PATHOGENESIS — The pathologic mechanisms that induce skin damage in Stevens-Johnson syndrome/toxic epidermal necrolysis (SJS/TEN) are incompletely understood. Early studies of the immunophenotype of lymphocytes detected in the blister fluid of SJS/TEN lesions suggested a cell-mediated cytotoxic reaction against keratinocytes leading to massive apoptosis [86]. Subsequent studies demonstrated that cytotoxic T cells are drug specific, human leukocyte antigen (HLA) class I restricted, and directed against the native form of the drug rather than against a reactive metabolite [87-89].

Drugs can stimulate the immune system by directly binding to the major histocompatibility complex (MHC) class I and the T cell receptor. This results in the clonal expansion of a population of drug-specific cytotoxic T cells that kill keratinocytes directly and indirectly through the recruitment of other cells that release soluble death mediators, including granulysin [90]. (See "Drug allergy: Pathogenesis", section on 'Interaction of drugs with the immune system'.)

By directly binding to HLA class I peptide pouch, drugs can also alter the repertoire of peptides recognized as foreign [91] and make the HLA drug complex recognized as foreign [92]. This explains the severity of the reaction and its similarity to acute graft-versus-host disease. (See "Pathogenesis of graft-versus-host disease".)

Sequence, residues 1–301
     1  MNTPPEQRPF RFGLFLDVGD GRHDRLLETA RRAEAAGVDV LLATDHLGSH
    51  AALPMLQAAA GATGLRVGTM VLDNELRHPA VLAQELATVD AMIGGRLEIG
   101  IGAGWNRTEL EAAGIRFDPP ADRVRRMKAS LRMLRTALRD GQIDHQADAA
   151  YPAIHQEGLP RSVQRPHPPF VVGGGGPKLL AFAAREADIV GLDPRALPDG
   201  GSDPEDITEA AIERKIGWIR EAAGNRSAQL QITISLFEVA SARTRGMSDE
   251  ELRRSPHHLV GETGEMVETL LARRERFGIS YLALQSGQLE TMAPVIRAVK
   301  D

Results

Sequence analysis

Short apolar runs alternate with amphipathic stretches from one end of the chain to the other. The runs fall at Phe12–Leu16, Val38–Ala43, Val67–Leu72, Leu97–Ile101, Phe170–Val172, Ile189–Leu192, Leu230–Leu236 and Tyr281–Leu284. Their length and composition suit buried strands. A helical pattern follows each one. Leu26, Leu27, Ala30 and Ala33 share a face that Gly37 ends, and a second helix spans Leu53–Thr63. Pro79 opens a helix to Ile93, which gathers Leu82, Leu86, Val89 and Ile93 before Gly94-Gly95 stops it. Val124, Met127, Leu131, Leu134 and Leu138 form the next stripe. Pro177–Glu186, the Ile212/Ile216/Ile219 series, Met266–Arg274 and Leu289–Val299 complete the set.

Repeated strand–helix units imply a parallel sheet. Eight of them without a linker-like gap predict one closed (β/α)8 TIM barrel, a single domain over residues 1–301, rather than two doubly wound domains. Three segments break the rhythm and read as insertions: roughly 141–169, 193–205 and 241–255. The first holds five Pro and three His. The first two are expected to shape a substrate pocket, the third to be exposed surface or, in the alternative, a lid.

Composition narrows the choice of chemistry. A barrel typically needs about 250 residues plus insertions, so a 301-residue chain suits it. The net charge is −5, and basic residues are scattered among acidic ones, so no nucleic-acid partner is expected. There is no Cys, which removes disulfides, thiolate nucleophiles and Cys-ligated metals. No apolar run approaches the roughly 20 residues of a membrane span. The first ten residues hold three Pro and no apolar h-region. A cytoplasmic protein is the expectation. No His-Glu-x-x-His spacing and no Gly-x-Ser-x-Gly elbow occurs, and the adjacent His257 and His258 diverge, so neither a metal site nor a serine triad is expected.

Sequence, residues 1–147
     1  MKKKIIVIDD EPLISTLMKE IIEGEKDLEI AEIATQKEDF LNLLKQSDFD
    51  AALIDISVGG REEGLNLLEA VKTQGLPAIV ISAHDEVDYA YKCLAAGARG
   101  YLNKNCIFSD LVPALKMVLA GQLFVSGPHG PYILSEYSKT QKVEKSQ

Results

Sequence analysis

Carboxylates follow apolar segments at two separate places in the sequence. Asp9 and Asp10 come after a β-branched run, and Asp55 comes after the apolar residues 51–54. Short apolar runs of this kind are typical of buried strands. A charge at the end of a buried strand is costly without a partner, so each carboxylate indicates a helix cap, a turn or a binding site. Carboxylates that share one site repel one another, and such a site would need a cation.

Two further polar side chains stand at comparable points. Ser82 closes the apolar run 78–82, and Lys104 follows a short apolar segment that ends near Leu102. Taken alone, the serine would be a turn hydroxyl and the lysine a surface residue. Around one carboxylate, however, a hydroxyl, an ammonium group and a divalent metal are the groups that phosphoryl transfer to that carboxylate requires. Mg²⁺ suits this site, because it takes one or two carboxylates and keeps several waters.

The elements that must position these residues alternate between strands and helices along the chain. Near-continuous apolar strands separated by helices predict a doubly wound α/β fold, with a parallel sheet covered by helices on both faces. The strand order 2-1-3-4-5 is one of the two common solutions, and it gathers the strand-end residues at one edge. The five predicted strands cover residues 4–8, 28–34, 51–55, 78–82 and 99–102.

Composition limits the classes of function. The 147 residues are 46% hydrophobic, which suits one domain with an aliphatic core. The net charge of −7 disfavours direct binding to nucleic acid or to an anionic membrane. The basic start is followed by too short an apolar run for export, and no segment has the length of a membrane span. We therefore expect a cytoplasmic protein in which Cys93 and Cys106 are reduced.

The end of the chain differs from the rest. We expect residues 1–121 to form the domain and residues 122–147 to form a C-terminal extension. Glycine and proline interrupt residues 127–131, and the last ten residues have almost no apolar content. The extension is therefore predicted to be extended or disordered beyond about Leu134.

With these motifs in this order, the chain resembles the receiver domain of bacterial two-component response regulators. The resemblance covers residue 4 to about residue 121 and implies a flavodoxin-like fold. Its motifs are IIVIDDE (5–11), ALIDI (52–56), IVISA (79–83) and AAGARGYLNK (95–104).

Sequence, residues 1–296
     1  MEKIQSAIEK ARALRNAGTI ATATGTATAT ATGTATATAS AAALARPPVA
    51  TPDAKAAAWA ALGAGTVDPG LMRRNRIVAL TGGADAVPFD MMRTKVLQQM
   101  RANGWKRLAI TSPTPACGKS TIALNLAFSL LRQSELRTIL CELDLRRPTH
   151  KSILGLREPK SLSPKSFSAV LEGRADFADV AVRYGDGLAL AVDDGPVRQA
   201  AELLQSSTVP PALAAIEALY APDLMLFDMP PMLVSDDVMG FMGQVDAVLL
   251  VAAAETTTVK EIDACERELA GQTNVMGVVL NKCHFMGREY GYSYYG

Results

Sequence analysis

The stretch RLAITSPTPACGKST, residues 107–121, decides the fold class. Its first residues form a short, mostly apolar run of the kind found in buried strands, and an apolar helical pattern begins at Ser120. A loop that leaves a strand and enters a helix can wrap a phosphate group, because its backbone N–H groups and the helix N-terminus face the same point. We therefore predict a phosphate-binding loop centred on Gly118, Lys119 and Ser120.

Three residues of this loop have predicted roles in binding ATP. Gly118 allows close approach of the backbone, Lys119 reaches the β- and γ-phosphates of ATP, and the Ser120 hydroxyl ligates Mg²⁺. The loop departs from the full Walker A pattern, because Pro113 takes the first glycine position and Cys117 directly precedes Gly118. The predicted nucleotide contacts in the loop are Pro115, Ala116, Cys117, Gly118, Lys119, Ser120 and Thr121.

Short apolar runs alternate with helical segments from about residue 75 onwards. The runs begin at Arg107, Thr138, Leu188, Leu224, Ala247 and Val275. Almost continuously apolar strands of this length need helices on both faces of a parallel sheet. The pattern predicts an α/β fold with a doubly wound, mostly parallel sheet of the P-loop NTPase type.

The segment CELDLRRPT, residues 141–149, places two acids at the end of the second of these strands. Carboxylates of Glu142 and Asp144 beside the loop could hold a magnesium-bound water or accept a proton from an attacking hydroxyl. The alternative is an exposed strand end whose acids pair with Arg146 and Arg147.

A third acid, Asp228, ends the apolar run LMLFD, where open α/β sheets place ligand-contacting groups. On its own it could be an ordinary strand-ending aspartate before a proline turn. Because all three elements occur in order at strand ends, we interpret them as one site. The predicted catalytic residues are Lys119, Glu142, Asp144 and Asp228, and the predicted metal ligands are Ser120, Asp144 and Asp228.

Mediators of keratinocyte apoptosis — Drug-specific CD8+ cytotoxic T cells, along with natural killer (NK) cells, are thought to be the major inducers of keratinocyte apoptosis [87,88]. Various cytotoxic proteins and cytokines such as soluble Fas ligand, perforin/granzyme, tumor necrosis factor (TNF)-alpha, and TNF-related apoptosis-inducing ligand (TRAIL) have been proposed as mediators for the extensive keratinocyte apoptosis in SJS/TEN. However, it is now accepted that granulysin, a cytolytic protein found in cytotoxic T cells and NK cells, plays a key role in the pathogenesis of SJS/TEN [93].

Granulysin — Granulysin is a cytolytic protein produced and secreted by cytotoxic T lymphocytes, NK cells, and NK/T cells. The gene expression profiling of cells from five patients with SJS or TEN identified granulysin as the most highly expressed cytotoxic molecule [94]. Both fluid and cells from SJS/TEN patient blisters demonstrated cytotoxicity when incubated with keratinocytes, but the effect was reduced by depletion of granulysin. Control fluid or cells from patients with burns did not show such activity. The levels of granulysin in blister fluid correlated with the severity of disease. In addition, injection of granulysin from patient blisters into mouse skin caused dose-dependent blistering and necrosis.